Obituaries

Clara Schenk
B: 1938-08-28
D: 2018-05-17
View Details
Schenk, Clara
Michele Willsey
B: 1970-03-31
D: 2018-05-15
View Details
Willsey, Michele
Barbara Hart
B: 1940-08-08
D: 2018-05-14
View Details
Hart, Barbara
Dorothy Jordan
B: 1924-09-28
D: 2018-05-14
View Details
Jordan, Dorothy
Drexel Frye
B: 1955-05-28
D: 2018-05-14
View Details
Frye, Drexel
Maria Horvath
B: 1935-03-18
D: 2018-05-13
View Details
Horvath, Maria
Mary Tucker
B: 1930-11-10
D: 2018-05-13
View Details
Tucker, Mary
Charles Hanna
B: 1940-11-06
D: 2018-05-13
View Details
Hanna, Charles
Stuart Corlew
B: 1938-07-29
D: 2018-05-10
View Details
Corlew, Stuart
Brian Daniels
B: 1962-11-11
D: 2018-05-09
View Details
Daniels, Brian
Patricia Paquette
B: 1955-01-29
D: 2018-05-06
View Details
Paquette, Patricia
Paul Sheehan
B: 1942-01-29
D: 2018-05-05
View Details
Sheehan, Paul
Stanley Ovitt
B: 1935-06-20
D: 2018-05-04
View Details
Ovitt, Stanley
Erwin Lutz
B: 1936-03-29
D: 2018-05-04
View Details
Lutz, Erwin
Cathy Butler
D: 2018-05-03
View Details
Butler, Cathy
Robert Rabe
B: 1927-04-22
D: 2018-05-02
View Details
Rabe, Robert
Anna Abare
B: 1927-10-05
D: 2018-05-01
View Details
Abare, Anna
Travis Lavigne
B: 1975-07-15
D: 2018-05-01
View Details
Lavigne, Travis
Donald Nichols
B: 1945-02-20
D: 2018-04-30
View Details
Nichols, Donald
William Delaware
B: 1935-12-22
D: 2018-04-30
View Details
Delaware, William
Thomas Ringer
B: 1941-08-13
D: 2018-04-29
View Details
Ringer, Thomas

Search

Use the form above to find your loved one. You can search using the name of your loved one, or any family name for current or past services entrusted to our firm.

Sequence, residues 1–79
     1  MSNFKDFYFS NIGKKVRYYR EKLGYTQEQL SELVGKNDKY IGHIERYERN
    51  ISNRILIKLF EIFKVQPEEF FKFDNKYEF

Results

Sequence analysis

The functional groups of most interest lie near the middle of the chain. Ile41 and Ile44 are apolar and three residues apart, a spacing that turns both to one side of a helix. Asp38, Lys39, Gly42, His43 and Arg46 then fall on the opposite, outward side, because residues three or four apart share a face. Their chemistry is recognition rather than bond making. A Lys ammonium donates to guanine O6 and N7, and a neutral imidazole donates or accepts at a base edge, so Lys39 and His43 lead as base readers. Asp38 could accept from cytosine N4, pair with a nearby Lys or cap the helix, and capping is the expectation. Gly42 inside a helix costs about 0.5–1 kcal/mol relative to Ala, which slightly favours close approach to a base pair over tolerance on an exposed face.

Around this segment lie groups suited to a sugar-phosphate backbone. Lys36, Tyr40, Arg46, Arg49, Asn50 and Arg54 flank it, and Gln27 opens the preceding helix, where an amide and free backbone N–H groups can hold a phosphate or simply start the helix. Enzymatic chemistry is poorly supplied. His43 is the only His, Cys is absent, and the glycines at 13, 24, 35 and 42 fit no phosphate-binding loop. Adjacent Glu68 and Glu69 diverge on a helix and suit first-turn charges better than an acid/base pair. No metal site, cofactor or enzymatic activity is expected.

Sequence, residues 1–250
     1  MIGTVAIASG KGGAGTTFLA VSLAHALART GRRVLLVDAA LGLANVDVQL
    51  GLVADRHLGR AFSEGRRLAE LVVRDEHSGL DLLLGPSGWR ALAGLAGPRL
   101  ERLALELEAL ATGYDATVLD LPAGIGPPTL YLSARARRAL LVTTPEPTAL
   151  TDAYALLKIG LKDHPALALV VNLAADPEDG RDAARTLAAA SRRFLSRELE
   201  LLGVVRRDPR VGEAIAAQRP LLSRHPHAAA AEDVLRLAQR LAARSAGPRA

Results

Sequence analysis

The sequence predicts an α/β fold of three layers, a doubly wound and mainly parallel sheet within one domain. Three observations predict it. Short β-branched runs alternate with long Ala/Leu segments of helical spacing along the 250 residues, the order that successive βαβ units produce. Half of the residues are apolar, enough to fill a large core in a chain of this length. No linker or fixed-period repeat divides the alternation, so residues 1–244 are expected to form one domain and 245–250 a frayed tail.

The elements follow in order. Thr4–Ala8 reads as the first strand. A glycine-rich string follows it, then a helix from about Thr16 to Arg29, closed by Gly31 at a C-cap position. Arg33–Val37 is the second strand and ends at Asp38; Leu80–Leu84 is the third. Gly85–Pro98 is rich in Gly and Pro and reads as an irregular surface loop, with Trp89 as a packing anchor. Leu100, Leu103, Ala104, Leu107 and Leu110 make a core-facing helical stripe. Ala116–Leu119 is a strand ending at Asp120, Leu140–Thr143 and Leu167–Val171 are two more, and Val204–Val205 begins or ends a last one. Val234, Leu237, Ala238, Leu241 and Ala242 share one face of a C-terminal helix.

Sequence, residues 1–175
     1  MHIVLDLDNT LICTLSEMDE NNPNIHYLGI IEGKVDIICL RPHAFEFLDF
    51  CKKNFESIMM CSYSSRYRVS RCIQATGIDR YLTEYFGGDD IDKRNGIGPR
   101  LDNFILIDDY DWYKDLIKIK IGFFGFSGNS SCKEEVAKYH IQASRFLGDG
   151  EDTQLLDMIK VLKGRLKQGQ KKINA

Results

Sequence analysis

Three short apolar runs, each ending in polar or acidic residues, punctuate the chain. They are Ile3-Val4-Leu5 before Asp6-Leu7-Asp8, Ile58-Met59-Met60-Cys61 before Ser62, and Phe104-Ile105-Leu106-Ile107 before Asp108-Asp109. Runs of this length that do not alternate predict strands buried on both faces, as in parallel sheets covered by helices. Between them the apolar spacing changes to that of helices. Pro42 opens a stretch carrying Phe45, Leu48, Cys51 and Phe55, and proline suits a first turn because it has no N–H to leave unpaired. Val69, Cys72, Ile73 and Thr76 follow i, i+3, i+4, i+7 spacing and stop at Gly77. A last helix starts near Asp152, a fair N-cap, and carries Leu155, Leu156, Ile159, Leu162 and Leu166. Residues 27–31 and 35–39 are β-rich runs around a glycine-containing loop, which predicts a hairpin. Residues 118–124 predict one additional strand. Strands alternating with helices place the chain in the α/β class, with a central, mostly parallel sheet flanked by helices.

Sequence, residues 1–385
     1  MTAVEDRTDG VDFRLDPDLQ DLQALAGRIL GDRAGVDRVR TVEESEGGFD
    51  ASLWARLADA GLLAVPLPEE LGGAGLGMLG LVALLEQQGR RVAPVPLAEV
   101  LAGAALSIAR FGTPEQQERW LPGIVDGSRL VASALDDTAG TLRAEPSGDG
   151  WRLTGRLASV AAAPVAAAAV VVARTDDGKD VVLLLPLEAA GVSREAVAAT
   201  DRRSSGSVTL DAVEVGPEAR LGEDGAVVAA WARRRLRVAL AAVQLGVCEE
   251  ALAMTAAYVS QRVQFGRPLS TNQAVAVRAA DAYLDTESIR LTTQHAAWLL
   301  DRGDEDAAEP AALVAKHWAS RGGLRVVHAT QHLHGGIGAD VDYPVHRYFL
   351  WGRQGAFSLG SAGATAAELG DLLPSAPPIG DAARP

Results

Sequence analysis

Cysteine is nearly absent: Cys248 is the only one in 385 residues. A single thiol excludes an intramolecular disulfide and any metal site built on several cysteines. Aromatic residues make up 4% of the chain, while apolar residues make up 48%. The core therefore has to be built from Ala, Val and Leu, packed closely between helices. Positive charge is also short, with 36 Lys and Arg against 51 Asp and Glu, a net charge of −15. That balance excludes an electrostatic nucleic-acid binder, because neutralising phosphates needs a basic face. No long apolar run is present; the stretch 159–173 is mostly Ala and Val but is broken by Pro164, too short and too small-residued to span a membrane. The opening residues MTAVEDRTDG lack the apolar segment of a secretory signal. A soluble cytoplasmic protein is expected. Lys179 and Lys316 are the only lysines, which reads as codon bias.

Click here to view all obituaries
Search Obituaries
82 Broadway
M.B. KilmerFuneral Home
Fort Edward, NY 12828
Phone: 518-747-9266
Fax: 518-747-7548

Meaningful Services

A funeral is so much more than a way to say goodbye; it's an opportunity to celebrate the life of someone special.

Today, a funeral can be as unique as the individual who is being honored. From simple touches like displaying personal photographs to events created around a favorite pastime, funerals can reflect any aspect of a person's life and personality.

Following are questions you can use to help you decide how to personalize a service:

  • What did the person like to do?
  • What was the person like as an individual?
  • What was the person like as a professional?
  • Was the person spiritual?
  • Was the person proud of their heritage?

For additional ideas on personalizing a funeral, please contact your funeral director.

What did the person like to do?

Often people have hobbies that become more than just a casual pastime. Their activity could have been as much a part of who they were as their smile. Why not showcase that important part of their life during the funeral?

Incorporating a hobby can be as simple as:

  • Displaying items used for their hobby; e.g. sports equipment, gardening tools, or collections.
  • Personalizing the casket or urn with a symbol of their hobby.
  • Displaying trophies or awards they won.